Java TreeMap Examples

These Java examples use the TreeMap collection. A TreeMap allows lookups and implements a red-black tree algorithm.
TreeMap. This is a NavigableMap collection: it acts like a lookup dictionary, but allows navigation of its keys. In it, we store keys that point to values.
In navigation, we can access near keys. We can get ceiling, floor, higher and lower keys than any possible key. Even the lowest and highest keys are easily accessed.
An example. Let us consider this program. It uses some of the simplest methods from TreeMap: you will recognize these from other collections like HashMap.

Put: This method places keys (and their associated values) into the TreeMap. It is the same as the HashMap put().

Get: This returns a value from the TreeMap based on a key. Please consider the getOrDefault method for simpler code.

Java program that uses TreeMap put, get import java.util.TreeMap; public class Program { public static void main(String[] args) { // Create TreeMap and add three entries to it. TreeMap<String, Integer> tree = new TreeMap<>(); tree.put("cat", 6); tree.put("dog", 4); tree.put("bird", 10); // Look up a value from a key in the TreeMap. int value = tree.get("dog"); System.out.println(value); } } Output 4
GetOrDefault, entrySet. Here are some more abilities of the TreeMap. The putIfAbsent calls add new keys only if no matching ones yet exist.

And: GetOrDefault simplifies how we access values from TreeMap. It returns the second argument if no key exists.

EntrySet: This is one way to loop over the entire TreeMap. We import java.util.Map.Entry and use the Entry class.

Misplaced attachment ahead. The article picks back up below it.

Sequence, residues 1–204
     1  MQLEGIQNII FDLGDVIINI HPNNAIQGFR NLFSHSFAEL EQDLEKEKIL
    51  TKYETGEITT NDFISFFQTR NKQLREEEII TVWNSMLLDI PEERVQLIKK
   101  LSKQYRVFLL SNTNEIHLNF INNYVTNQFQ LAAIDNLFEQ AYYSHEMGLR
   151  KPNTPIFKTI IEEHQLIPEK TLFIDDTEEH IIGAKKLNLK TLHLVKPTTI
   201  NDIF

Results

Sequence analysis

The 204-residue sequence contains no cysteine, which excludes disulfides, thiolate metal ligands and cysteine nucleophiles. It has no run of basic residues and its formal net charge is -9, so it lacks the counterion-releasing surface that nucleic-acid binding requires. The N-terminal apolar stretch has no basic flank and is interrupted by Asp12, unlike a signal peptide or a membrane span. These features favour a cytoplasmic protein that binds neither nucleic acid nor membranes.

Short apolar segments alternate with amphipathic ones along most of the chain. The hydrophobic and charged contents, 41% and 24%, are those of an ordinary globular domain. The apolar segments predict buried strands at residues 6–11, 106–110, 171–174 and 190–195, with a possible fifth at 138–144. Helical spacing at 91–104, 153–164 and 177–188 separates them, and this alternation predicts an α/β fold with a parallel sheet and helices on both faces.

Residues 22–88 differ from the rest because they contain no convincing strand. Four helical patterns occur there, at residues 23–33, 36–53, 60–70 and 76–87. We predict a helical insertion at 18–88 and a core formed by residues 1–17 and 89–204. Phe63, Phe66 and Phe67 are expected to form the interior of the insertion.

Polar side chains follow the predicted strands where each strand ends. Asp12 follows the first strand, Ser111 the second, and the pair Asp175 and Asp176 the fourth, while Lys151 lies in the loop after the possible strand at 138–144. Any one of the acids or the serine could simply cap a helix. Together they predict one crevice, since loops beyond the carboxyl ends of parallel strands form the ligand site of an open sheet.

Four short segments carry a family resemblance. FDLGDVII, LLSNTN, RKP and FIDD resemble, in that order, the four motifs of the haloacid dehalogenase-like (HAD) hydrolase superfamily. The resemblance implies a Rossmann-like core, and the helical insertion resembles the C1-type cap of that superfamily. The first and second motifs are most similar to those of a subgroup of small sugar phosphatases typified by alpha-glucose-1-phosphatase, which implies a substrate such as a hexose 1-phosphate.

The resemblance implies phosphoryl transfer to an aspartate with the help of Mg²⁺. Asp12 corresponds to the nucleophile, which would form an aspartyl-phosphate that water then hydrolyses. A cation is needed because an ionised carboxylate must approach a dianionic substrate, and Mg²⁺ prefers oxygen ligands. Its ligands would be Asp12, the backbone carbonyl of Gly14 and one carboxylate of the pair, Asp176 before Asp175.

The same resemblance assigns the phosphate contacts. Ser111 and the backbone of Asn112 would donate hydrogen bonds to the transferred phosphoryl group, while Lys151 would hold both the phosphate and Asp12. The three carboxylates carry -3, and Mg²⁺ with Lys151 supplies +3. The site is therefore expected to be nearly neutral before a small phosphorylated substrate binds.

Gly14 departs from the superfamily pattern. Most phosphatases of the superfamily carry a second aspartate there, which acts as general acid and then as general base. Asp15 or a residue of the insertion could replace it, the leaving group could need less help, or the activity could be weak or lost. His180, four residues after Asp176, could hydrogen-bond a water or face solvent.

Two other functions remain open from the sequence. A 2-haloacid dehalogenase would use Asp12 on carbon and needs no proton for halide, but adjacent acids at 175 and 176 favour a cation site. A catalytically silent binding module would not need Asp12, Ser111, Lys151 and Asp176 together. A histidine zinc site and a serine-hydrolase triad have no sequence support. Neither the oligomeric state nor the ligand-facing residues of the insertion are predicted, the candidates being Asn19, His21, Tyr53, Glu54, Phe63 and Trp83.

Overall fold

Java program that uses getOrDefault, entrySet import java.util.Map.Entry; import java.util.TreeMap; public class Program { public static void main(String[] args) { TreeMap<Integer, Integer> tree = new TreeMap<>(); // These calls place values in the TreeMap. tree.putIfAbsent(10, 100); tree.putIfAbsent(20, 200); // These have no effect because keys already exist. tree.putIfAbsent(10, -10); tree.putIfAbsent(20, -10); // Get keys (or default values) in the tree. int result1 = tree.getOrDefault(10, 0); int result2 = tree.getOrDefault(100, 0); System.out.println(result1); System.out.println(result2); for (Entry<Integer, Integer> entry : tree.entrySet()) { System.out.println(entry); } } } Output 100 0 10=100 20=200
ContainsKey, containsValue. These methods are also useful. They are the same on TreeMap as on other collections like HashMap. We see that TreeMap can be used in standard ways.
Java program that uses containsKey import java.util.TreeMap; public class Program { public static void main(String[] args) { TreeMap<String, String> tree = new TreeMap<>(); tree.put("red", "apple"); // Test the containsKey and containsValue methods. if (tree.containsKey("red")) { System.out.println(true); } if (tree.containsValue("apple")) { System.out.println(true); } } } Output true true
Ceiling, floor, higher, lower. Here are some specialized NavigableMap methods. With methods like ceilingKey, we pass a key, and the tree returns an existing, higher or equal key.

So: The call to ceilingKey(9) returns 10: this is the "ceiling" key to 9. FloorKey acts in reverse.

Ceiling, higher: A ceiling key is equal to or higher than the argument. A higher key is always higher.

Floor, lower: These are opposite ceiling. A floor key is equal to or lower than the argument.